By Tom Polansek and Karl Plume
CHICAGO, Nov 2 (Reuters) - U.S. grain handlers are making further cuts to operating costs even as they point to signs that a bruising slump driven by a global food commodities glut may be nearing a bottom.
Bunge Ltd, Archer Daniels Midland Co and Andersons Inc have all said conditions appear to be getting better for grains processing and handling, after four years of massive harvests reduced price volatility and clipped margins.
Bunge plans to reduce 2018 capital spending by at least 7 percent to about $650 million, and ADM said this week it will decrease outlays by about 20 percent to $800 million. ADM has also cut jobs to become more competitive and said it would shift funds to value-added businesses from its grain buying and oilseed crushing operations.
"I'm optimistic that we are, if not at the bottom, very close to it," Bunge Chief Executive Soren Schroder said on a conference call on Wednesday, after the company posted a 28 percent decline in quarterly income on flat revenue.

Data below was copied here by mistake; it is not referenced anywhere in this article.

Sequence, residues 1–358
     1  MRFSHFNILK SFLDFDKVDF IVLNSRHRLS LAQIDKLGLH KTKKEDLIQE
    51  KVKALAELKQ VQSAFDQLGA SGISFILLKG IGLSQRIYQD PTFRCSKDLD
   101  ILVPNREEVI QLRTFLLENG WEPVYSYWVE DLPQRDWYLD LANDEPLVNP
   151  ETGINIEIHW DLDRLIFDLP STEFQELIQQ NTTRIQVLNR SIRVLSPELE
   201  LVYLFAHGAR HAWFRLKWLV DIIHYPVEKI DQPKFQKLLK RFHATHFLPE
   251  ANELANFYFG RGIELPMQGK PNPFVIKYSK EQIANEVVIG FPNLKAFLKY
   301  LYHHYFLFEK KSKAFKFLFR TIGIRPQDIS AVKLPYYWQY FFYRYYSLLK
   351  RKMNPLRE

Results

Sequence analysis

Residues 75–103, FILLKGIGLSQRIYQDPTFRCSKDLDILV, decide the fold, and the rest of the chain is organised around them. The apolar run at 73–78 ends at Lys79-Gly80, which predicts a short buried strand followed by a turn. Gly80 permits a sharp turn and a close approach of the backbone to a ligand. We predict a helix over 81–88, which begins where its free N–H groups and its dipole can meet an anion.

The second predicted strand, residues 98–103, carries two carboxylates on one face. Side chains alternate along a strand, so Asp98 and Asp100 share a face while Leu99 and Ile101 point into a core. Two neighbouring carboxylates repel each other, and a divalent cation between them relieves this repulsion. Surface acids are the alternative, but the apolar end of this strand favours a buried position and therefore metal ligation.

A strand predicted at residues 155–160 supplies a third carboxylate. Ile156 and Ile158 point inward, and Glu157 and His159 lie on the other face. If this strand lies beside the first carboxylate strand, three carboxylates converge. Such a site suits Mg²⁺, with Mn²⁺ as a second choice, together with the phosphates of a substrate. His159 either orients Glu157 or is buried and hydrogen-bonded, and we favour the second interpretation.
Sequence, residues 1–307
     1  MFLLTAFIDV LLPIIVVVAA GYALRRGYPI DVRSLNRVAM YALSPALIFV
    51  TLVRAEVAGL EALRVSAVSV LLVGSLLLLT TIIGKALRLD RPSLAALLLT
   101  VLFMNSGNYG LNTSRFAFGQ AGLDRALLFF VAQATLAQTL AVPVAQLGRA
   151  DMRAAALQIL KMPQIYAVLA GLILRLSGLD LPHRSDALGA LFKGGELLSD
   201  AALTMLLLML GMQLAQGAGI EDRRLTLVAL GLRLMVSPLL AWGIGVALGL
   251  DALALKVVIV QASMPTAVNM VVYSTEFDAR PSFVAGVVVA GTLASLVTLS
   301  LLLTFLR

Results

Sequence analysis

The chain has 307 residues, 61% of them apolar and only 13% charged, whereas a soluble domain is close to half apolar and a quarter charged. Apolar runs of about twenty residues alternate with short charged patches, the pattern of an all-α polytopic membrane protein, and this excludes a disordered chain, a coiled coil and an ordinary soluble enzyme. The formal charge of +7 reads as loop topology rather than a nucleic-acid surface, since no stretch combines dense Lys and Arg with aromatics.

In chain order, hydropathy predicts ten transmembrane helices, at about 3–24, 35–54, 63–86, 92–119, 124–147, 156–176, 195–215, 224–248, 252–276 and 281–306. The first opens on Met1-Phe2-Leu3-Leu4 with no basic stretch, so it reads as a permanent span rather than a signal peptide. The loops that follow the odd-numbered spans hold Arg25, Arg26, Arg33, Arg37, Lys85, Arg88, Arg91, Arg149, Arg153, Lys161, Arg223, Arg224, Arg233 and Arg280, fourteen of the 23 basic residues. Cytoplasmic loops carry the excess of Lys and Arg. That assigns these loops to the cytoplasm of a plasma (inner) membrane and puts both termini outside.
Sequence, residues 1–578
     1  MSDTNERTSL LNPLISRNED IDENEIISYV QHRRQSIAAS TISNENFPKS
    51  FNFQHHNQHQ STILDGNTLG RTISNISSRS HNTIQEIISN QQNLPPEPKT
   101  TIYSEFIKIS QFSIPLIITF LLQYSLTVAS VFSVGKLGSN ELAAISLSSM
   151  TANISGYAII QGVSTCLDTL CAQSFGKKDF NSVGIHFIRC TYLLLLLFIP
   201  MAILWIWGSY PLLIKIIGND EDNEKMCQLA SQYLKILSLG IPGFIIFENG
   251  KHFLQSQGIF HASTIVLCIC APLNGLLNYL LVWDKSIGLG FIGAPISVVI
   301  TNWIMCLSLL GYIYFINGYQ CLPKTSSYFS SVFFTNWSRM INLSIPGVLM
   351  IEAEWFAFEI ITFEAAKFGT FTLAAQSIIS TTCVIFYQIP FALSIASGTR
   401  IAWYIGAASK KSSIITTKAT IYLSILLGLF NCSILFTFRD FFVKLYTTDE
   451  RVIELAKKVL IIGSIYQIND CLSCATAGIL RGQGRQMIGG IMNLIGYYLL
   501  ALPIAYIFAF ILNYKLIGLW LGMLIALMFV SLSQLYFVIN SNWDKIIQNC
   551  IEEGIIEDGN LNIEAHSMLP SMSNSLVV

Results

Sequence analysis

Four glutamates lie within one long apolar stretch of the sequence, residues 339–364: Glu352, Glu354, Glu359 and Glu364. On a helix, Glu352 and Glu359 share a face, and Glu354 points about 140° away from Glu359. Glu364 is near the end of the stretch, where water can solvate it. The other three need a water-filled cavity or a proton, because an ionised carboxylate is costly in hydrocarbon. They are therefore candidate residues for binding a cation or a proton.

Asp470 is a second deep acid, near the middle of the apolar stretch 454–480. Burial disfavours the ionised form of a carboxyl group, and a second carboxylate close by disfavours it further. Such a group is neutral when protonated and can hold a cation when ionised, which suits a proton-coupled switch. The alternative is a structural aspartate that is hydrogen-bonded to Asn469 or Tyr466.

Schroder has made similar comments before, leaving some analysts skeptical of his rosy outlook.
"Record harvests that continue to happen year after year do pose a difficult trading environment for Bunge and ADM, and I don't see a sign of that letting up," Morningstar analyst Seth Goldstein said.
Bunge's South American business soured in 2017 because the company pre-booked transportation for a rich harvest and farmers opted to withhold soybeans due to low prices.
As a result, next year Bunge will not guess as much on when farmers will sell, according to the company. Market conditions should also benefit from a decline of wheat supplies, it added.
Global inventories of corn and soybeans are expected to tighten too, ADM's CEO Juan Luciano told analysts on Tuesday.
"We're starting to see the possible green shoots of recovery in certain areas," he said, after ADM's quarterly earnings tumbled 44 percent from a year earlier.
Luciano noted he was not expecting significant changes in conditions.
And ADM's cost-cutting and shifting of funds show its executives are not assuming a robust recovery, according to Farha Aslam, analyst for financial services firm Stephens Inc.
Challenges from large global supplies hit Cargill Inc's latest quarterly earnings in September, when the company said origination and processing results were down from a year earlier.
Andersons CEO Patrick Bowe in August told analysts that "grain fundamentals are improving."
The Ohio-based company is due to report earnings on Tuesday. (Reporting by Tom Polansek, editing by G Crosse)